Easy Chair — From the July 2016 issue

The Ideology of Isolation

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If you boil the strange soup of contemporary right-wing ideology down to a sort of bouillon cube, you find the idea that things are not connected to other things, that people are not connected to other people, and that they are all better off unconnected. The core values are individual freedom and individual responsibility: yourself for yourself on your own. Out of this Glorious Disconnect comes all sorts of illogical thinking. Taken to its conclusion, this worldview dictates that even facts are freestanding items that the self-made man can manufacture for use as he sees fit.

This is the modern ideology we still call conservative, though it is really a sort of loopy libertarianism that inverts some of the milder propositions of earlier conservative thinkers. “There is no such thing as society,” Margaret Thatcher said in 1987. The rest of her famous remark is less frequently quoted:

There is [a] living tapestry of men and women and people and the beauty of that tapestry and the quality of our lives will depend upon how much each of us is prepared to take responsibility for ourselves and each of us prepared to turn round and help by our own efforts those who are unfortunate.

Throughout that interview with Woman’s Own magazine, Thatcher walked the line between old-school conservatism — we are all connected in a delicate tapestry that too much government meddling might tear — and the newer version: “Too many children and people have been given to understand, ‘I have a problem, it’s the government’s job to cope with it.’ ” At some point in the decades since, the balance tipped definitively from “government aid should not replace social connections” to “to hell with others and their problems.” Or as the cowboy sings to the calf, “It’s your misfortune / And none of my own.”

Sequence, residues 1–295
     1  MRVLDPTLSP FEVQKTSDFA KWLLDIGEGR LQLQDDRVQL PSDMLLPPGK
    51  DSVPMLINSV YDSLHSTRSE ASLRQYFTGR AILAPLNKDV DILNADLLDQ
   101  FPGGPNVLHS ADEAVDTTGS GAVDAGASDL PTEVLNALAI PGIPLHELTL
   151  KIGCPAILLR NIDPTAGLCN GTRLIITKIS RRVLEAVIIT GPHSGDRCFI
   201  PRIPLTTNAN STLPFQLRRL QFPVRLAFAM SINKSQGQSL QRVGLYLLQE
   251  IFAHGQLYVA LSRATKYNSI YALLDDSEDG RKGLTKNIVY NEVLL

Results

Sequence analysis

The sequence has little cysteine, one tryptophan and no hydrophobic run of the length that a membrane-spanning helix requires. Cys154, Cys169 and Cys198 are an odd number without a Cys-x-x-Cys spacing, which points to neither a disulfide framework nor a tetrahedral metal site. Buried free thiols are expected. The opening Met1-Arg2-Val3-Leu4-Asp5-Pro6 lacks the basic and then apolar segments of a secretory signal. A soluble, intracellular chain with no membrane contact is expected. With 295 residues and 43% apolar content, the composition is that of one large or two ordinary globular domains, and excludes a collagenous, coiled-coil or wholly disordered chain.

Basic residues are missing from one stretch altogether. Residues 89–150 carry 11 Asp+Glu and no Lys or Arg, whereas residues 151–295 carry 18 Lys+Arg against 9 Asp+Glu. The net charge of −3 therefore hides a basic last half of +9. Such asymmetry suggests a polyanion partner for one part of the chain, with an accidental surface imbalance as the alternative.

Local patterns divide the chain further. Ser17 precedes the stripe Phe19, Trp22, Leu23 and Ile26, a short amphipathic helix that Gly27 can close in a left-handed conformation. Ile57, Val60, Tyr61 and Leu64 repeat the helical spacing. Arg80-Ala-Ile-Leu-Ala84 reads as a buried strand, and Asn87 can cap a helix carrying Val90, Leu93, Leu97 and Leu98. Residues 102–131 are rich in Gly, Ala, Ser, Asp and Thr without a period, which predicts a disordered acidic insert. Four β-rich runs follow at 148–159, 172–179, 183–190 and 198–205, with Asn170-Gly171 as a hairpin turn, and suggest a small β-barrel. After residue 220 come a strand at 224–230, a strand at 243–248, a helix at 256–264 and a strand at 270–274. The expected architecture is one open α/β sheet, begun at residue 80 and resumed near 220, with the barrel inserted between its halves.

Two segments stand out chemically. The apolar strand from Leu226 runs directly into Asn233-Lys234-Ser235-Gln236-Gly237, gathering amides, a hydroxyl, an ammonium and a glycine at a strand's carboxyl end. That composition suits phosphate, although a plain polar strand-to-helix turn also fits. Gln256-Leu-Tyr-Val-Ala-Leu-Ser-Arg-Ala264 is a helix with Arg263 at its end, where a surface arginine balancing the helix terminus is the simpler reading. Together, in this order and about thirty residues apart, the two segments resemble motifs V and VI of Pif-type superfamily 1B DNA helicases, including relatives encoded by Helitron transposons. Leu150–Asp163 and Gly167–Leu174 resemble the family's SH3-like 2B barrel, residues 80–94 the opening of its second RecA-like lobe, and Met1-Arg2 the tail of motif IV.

The cowboy is the American embodiment of this ideology of isolation, though the archetype of the self-reliant individual — like the contemporary right-wing obsession with guns — has its roots less in actual American history than in the imagined history of Cold War–era westerns. The American West was indigenous land given to settlers by the U.S. government and cleared for them by the U.S. Army, crisscrossed by government-subsidized railroads and full of water projects and other enormous cooperative enterprises. All this has very little to do with Shane and the sheriff in High Noon and the Man with No Name in Sergio Leone’s spaghetti-western trilogy. But never mind that, because a cowboy silhouetted against a sunset looks so good, whether he’s Ronald Reagan or the Marlboro Man. The loner taketh not, nor does he give; he scorneth the social and relies on himself alone.

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